For the last few months, The Greetland Academy has been a quieter place than usual. The lively din of the playground and the buzz of the classroom have been muted by partial school closures. As the new academic year approaches, staff at Greetland are excited to hear the voices of all of our pupils once more.
As teachers return in September, we have carefully planned our initial weeks bursting full of the rich language of poetry. Why poetry? We want to hear the voices of our pupils loud and clear once more – ensuring every child recognises the importance of what they have to tell us. With a carefully selected array of poetry (paying attention to supporting teachers’ subject knowledge of apt poems), we will read, listen and write poems.
We are excited about the opportunities our poetry planning offers. Pupils, teachers – and even parents – will all get a chance to be a poet. Our very own printed publication awaits!
When assessment is sensitively matched to the curriculum content, we ensure that assessment is truly diagnostic and useful.
But what about assessment?
Understandably, a lot of attention has been given over to how pupils return to school routines, but also how we will assess them upon their return. School leadership and teachers move to consider concerns about lost learning. At Greetland, we want to combine the promise of our curriculum offer – poetry and much more – with sensitive attention to assessing our pupils’ individual needs on their return.
For our cohort, we know that speech, language and communication prove a significant barrier. A focus on reading and writing – utilising poetry and more – is central to our work (we are a national English Hub). For our pupils in the Early Years Foundation Stage, we use the WellComm baseline assessment to screen for any initial language issues (most of our Year 1 pupils have missed significant school time, so we will use this screening assessment for many of them too).
We will also balance this standardised assessment tool with diagnostic assessments rooted in their classroom. For example, whilst pupils write their poems, we may identify that their handwriting could be proving an issue, labelled as ‘transcription’ in the ‘Simple View of Writing’ (see p. 19 of the ‘Improving Literacy in Secondary School’ guidance report). Teachers, with training, will use the ‘Simple View of Reading’ quadrant and the ‘Simple View of Writing’ equivalent to help identify tricky areas on pupils return.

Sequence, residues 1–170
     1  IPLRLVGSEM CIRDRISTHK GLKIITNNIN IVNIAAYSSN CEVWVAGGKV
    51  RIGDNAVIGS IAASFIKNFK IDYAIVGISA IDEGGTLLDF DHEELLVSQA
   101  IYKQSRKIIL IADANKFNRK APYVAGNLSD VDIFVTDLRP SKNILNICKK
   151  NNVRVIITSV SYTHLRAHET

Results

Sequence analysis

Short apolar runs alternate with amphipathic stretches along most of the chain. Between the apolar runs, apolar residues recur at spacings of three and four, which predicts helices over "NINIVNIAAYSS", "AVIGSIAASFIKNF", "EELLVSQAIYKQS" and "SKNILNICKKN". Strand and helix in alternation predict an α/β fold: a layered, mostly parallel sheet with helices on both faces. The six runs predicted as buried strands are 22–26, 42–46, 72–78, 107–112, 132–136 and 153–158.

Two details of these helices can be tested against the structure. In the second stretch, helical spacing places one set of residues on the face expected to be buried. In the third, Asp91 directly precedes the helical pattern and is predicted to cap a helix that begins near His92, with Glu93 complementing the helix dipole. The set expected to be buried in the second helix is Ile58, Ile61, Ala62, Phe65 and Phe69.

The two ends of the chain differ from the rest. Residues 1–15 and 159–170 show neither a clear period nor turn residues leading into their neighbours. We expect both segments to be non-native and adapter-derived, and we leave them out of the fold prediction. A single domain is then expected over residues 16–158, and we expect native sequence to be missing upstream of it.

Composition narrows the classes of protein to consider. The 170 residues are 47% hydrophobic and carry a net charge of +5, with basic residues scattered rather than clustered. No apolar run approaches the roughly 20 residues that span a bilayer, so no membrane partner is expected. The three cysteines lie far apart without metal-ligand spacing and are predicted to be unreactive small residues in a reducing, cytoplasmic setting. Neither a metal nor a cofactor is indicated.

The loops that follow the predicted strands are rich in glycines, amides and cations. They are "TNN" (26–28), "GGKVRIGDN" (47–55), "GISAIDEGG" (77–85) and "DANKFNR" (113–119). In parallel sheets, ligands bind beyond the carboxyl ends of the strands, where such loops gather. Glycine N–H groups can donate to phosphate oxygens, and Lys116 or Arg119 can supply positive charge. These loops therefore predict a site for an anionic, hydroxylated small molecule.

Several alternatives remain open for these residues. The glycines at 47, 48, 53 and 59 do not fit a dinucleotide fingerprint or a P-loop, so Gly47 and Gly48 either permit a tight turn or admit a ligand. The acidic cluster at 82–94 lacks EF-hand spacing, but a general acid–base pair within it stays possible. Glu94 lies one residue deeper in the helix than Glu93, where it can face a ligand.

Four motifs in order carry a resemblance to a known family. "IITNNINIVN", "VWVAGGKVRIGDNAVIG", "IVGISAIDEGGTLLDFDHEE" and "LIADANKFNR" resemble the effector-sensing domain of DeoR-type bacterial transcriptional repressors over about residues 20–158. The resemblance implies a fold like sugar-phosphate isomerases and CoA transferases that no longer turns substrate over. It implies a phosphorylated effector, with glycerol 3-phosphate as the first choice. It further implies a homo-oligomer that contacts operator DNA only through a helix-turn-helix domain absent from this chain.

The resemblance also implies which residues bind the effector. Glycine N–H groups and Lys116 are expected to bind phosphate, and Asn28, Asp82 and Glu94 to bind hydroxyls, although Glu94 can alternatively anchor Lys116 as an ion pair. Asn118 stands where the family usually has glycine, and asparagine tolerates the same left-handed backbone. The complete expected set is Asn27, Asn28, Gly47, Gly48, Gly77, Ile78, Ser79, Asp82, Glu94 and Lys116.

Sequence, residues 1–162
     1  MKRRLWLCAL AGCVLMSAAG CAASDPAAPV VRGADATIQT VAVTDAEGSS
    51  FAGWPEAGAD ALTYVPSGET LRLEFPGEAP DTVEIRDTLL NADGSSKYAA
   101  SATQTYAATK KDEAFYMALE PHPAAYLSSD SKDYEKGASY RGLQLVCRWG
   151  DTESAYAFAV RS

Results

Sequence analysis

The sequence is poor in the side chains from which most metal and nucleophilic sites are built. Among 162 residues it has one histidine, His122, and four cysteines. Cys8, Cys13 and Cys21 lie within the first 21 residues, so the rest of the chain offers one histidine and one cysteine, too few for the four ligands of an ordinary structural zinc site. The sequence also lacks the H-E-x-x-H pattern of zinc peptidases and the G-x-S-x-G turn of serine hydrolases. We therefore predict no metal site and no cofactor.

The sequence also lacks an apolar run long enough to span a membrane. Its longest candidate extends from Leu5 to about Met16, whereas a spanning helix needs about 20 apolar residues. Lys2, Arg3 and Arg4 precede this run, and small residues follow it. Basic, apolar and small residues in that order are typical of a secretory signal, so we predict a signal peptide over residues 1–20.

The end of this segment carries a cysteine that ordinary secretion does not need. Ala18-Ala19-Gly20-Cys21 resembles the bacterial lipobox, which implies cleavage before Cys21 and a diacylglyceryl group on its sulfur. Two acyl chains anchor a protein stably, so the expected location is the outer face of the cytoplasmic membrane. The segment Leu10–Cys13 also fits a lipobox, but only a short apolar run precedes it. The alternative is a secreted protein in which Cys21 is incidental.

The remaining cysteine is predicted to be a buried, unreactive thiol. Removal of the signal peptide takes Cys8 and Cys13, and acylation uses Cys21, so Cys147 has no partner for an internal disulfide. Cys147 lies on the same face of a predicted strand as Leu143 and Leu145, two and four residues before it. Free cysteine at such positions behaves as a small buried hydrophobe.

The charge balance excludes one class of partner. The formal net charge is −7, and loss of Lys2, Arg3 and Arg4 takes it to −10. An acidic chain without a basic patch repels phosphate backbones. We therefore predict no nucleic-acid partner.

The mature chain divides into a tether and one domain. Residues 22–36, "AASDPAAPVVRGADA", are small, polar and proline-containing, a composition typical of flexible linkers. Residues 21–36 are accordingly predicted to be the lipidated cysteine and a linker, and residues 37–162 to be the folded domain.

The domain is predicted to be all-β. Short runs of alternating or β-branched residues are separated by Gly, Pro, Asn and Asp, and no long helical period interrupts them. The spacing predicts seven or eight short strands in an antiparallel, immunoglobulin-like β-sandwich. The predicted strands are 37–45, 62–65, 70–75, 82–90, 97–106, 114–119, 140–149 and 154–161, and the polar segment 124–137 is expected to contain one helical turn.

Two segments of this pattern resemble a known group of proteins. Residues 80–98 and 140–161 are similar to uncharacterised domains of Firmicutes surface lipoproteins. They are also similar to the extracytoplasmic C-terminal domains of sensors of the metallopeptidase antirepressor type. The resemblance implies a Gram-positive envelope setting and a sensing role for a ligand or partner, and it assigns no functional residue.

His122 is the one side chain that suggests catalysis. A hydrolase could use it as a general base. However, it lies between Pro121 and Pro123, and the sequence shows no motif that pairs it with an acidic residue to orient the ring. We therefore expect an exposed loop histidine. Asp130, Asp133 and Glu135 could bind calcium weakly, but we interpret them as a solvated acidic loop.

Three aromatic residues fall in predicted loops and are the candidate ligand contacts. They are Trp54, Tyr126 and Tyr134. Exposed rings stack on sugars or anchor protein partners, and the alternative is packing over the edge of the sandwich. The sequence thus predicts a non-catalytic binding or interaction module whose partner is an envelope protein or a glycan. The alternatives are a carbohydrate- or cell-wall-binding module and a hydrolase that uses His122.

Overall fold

Another diagnostic assessment we have identified as meaningful and manageable for teachers at Greetland is to focus on the self-regulation of our pupils. As such, we have identified diagnostic assessments like this ‘Independent behaviours: teacher assessment’ tool. Alongside this, we have utilised Perkin’s ‘Four Levels of Metacognitive Learner’. For us, self-regulation attends their emotions but also their academic learning. So, teachers can undertake structured conversations as their pupil is composing a new poem. In doing so, there is a meaningful assessment as part of effective teaching practice.
When assessment is sensitively matched to the curriculum content, we ensure that assessment is truly diagnostic and useful. Good assessment should help us ask ‘so what?’ what are our curriculum and teaching next steps
Read Professor Rob Coe’s essential blogs on effective assessment here:
EEF Blog: Assessing learning in the new academic year (Part 1 of 2) – three key questions for school leaders to consider
EEF Blog: Assessing learning in the new academic year (Part 2 of 2) – how school leaders can best support pupils to regain lost learning
Meaningful assessment for teachers and pupils
Given the missed curriculum time, we recognise that many of our pupils will quickly move in their assessments. Their handwriting may speed up with some practice upon returning to school, or their reading comprehension may have slowed a little. We recognise then that our assessments will be tentative, provisional and explorative.
At Greetland, we want our staff to notice the subtle patterns of learning that assessment unveils. This is not a shallow reporting exercise for senior staff or parents that doesn’t improve learning. Clearly, trust and support for teachers in getting to know pupils in this new school year is no doubt essential – assessment is a key part of that effort. Strong leadership is therefore key in mandating meaningful and manageable assessment.
High quality diagnostic assessment doesn’t just appear in a pack from an exam board – it is borne of the expertise of the classroom teacher.
A strong signal of how school leadership at Greetland prioritised the literacy of our pupils, but also the professional judgement of our teachers, was the concerted focus on offering training. High quality diagnostic assessment doesn’t just appear in a pack from an exam board – it is borne of the expertise of the classroom teacher. During the partial school closures, we ensured that teachers had time and training.
On our Teams platform, we shared training on diagnostic assessment – for both literacy and self-regulation. Staff could access the training (recorded for posterity), along with related resources and teaching ideas. We return to our ‘so what?’ If teachers are not offered training to assess effectively, then we will be bound to a model of assessment that proves onerous and isn’t very useful.
Conversations between our year group staff have already exhibited a palpable excitement for the new year ahead. The power of poetry will be matched by purposeful assessment